Skip to content

Spaghetti with Tuna, Capers, Lemon, Chili

June 29, 2011

If you are ever quizzed at gunpoint about my palate, and you have to quickly come up with one fact, this should save you:

I love contrasts.

This recipe, with many complementary and contrasting ingredients, comes from a Melissa Clark book called Chef Interrupted. (Melissa Clark is the person who wrote my favorite ever shrimp recipe, so now I will follow her around like a puppy.)

The concept of that book is that Melissa Clark works with chefs to translate delicious restaurant recipes into delicious home recipes. And this recipe was originally from Zuni Cafe in San Francisco.

I chose to make it because it triggered a memory of a dish I was once served in a garden on the island of Elba, in Italy: tuna and black olives in a tomato sauce stirred through a tube-shaped pasta, a nice play on bitter and acidic against a backdrop of pasta that was almost creamy.

Those Italians on their flower-filled islands: they never fail to open our eyes to the power of a few simple ingredients lovingly mixed together, do they? It is like they are one-trick ponies, the delicious delicious Italians.

This has lemon rather than tomato brightening the tuna. Like most people of the post-Jeffersonian era, I am a fan of tomatoes, however: I live and die for lemons.

I also used capers rather than olives, which I didn’t have. The lemon zest, tuna, and olive oil itself added enough of a bitter undertone, and capers are fun little blasts of vinegary salt. Finding one in your bite is, dare I say, a similar pleasure to that of finding an Easter egg as a child. And the coarse sea salt was the piece de resistance. (Recently I’ve become aware of a bit of a harsh chemical taste in kosher salt.)

The recipe is rather like a game of telephone, because I didn’t do everything Melissa said to do, and Melissa didn’t do everything chef Judy Rodgers said to do, I’ll bet.

Never mind: it’s delicious, and even people who are two love it and want to eat the whole of their father’s portion, after they pick off the actual fish chunks.

I’m copying the recipe, and adding my own editorial comment beneath.

Spaghetti with Preserved Tuna, Lemon Zest, Hot Pepper, Capers, and Olives

Procedure

1. In a large skillet over medium heat, warm the oil. Add the lemon zest, red pepper flakes, 1/2 t black pepper, fennel seeds, garlic, and bay leaf. Reduce the heat the low and let the flavors infuse for 15 minutes. Stire in the olives and capers.

2. Remove the tuna from its oil (do not discard the oil) and add the tuna to the skillet. Break the tuna chunks up into smaller pieces with a wooden spoon. Add about six tablesppons of the preserving oil and the preserved lemon or limequat, if using. Raise the heat to medium-low and warm enough.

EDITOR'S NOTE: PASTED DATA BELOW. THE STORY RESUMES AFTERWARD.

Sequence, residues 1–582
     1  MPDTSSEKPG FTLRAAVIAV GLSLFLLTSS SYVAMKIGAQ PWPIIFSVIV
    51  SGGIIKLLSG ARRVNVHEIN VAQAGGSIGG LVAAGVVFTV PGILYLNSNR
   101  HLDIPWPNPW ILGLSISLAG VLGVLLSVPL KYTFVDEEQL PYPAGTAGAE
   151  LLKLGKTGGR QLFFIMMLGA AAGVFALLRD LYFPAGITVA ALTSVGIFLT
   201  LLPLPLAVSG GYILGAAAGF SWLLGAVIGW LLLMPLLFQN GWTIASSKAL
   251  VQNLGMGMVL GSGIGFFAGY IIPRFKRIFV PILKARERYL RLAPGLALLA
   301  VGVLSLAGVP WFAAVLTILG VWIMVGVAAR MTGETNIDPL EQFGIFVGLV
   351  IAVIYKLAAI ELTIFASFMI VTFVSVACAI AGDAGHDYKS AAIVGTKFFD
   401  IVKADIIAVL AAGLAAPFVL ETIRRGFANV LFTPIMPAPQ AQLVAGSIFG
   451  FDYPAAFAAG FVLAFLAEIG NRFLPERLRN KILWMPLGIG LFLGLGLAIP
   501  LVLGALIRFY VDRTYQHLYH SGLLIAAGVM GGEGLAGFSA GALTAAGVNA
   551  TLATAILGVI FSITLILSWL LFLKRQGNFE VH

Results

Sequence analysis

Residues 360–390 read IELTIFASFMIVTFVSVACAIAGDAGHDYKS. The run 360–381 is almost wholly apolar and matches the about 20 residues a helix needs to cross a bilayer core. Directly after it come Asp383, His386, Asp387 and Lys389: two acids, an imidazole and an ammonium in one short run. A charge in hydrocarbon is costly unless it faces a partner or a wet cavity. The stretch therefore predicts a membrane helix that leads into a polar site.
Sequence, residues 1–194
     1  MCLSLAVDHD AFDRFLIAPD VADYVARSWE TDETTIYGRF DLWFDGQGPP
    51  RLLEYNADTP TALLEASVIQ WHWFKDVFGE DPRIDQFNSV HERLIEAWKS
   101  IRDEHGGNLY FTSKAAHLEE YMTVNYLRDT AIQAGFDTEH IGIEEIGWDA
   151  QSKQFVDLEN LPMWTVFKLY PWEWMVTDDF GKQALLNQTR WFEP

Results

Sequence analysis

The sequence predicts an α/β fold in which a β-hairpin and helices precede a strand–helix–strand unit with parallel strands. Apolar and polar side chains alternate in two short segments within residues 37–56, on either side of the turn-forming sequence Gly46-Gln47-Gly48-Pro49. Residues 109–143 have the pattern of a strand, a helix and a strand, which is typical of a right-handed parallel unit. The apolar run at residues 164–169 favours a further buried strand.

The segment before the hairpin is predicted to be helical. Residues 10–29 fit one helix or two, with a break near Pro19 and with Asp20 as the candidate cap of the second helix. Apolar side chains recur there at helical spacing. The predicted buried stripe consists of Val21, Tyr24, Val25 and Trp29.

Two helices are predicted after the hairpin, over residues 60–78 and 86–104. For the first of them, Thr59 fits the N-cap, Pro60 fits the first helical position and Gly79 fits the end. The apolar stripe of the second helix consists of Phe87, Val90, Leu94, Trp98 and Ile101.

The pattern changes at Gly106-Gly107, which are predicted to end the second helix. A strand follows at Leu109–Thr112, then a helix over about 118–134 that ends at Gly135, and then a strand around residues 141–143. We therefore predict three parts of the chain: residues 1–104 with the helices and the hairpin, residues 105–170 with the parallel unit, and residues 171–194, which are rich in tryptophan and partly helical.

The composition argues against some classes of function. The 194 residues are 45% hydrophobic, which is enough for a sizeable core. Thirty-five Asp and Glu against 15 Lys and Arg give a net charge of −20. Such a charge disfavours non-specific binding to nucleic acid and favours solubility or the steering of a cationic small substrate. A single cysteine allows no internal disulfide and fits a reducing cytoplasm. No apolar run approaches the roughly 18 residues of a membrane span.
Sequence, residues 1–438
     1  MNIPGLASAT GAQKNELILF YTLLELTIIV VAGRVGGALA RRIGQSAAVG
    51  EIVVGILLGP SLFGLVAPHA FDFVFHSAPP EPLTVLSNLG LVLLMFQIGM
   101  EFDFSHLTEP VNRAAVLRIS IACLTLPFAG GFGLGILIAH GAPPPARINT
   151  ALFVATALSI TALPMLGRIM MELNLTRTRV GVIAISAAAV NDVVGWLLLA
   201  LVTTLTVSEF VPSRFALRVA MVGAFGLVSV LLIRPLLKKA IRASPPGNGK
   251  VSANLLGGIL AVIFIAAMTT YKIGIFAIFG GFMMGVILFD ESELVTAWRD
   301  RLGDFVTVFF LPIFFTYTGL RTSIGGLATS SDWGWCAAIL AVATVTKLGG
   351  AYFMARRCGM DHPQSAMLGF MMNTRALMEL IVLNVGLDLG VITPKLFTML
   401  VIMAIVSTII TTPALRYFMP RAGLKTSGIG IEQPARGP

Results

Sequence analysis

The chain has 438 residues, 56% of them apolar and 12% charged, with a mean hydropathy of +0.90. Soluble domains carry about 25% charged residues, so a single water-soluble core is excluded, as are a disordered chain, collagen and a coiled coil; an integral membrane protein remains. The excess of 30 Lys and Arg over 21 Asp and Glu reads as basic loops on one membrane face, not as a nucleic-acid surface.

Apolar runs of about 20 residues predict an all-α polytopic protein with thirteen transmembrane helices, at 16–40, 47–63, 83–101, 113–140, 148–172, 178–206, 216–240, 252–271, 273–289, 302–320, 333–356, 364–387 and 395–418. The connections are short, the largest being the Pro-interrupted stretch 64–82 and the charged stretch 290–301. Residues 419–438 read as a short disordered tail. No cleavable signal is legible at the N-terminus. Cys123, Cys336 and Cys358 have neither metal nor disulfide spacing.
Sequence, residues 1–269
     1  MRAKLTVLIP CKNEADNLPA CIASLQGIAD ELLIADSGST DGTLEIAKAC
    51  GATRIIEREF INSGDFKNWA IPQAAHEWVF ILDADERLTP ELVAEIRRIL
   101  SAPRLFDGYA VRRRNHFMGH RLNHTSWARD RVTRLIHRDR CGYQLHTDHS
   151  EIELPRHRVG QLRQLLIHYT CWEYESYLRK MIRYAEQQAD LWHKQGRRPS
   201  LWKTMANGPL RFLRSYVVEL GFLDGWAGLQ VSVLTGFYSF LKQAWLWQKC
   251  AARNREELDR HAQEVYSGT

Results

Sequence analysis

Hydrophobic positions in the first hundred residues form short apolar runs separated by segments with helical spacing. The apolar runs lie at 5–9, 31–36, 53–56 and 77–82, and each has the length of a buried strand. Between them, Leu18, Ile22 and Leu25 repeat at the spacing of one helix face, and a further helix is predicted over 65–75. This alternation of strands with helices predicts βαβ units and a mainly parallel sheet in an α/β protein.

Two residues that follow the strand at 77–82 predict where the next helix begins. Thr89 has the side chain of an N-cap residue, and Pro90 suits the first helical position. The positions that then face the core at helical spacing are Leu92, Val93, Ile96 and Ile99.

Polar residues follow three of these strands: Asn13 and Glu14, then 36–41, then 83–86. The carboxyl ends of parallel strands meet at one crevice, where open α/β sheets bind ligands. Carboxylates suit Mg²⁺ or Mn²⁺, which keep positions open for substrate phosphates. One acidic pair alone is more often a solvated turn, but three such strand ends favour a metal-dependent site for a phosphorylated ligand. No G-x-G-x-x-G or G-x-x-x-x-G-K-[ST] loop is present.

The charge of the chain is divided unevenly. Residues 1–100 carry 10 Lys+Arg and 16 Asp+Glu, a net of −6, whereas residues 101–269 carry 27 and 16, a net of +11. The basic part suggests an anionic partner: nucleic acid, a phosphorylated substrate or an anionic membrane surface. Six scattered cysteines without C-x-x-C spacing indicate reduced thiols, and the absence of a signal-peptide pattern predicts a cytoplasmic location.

3. To prepare the pasta, bring a large pot of salted water to a boil. Drop in the pasta, stir once, and cook until al dente. Drain the pasta and add it to the warm tuna mixture. Remove the bay leaf. Add the basil, lemon juice, and more of the preserving oil to taste, and adjust the salt and pepper.

[Be sure to start the water before step 3. You can: prep; start water; and cook the “sauce” while the water is coming to a boil, and the pasta is boiling. For the record, I’m sure it would have been better had I used preserved lemon, and fennel, and all of the stuff I realized I didn’t have: I made it without them. If I had used preserved lemons, it would have been divine. And I wanted to modify “divine” in that last sentence, but divine needs no polish. Like this dish needs no fennel or preserved lemons.]

Ingredients

3/4 C extra-virgin olive oil

1/2 T fresh grated lemon zest

1/2 t crushed red pepper flakes, or to taste

1/2 t fresh ground black pepper, plus more to taste

1/8 t fennel seeds

1 garlic clove, slivered

1 bay leaf

1 T chopped picholine or other green olives

1 T capers, drained

10 oz. preserved tuna (Clark provides a recipe, or you can use good canned or jarred Italian in packed in olive oil)

1 T chopped preserved lemon or limequat, optional

1 lb dried spaghetti

1/4 C shredded fresh basil

2 T fresh squeezed lemon juice (from 1 lemon)

Coarse sea salt or kosher salt

Advertisements
2 Comments leave one →
  1. July 6, 2011 1:18 am

    ahhhhhh, cooked this up backpacking out in the backcountry of opal creek oregon. So yummy. Not your typical trail fare! A bit of pre-wilderness prep but well worth it. Happy the garlic and tuna didn’t attract bears and their other forest friends like sasquatch. Maybe they just don’t have good taste 😉 Love that the directions are clearly marked “procedure” in big fontyness.

    • July 6, 2011 11:43 am

      Wow, I am totally impressed! Makes sense, though. I always knew that Oregon was perfect and if you can eat like that when camping, it just reinforces it. My friend’s dad is famous for kooky camp meals like slim Jim soup. Are you a camping gourmet? Love it!

Leave a Reply

Fill in your details below or click an icon to log in:

WordPress.com Logo

You are commenting using your WordPress.com account. Log Out / Change )

Twitter picture

You are commenting using your Twitter account. Log Out / Change )

Facebook photo

You are commenting using your Facebook account. Log Out / Change )

Google+ photo

You are commenting using your Google+ account. Log Out / Change )

Connecting to %s

%d bloggers like this: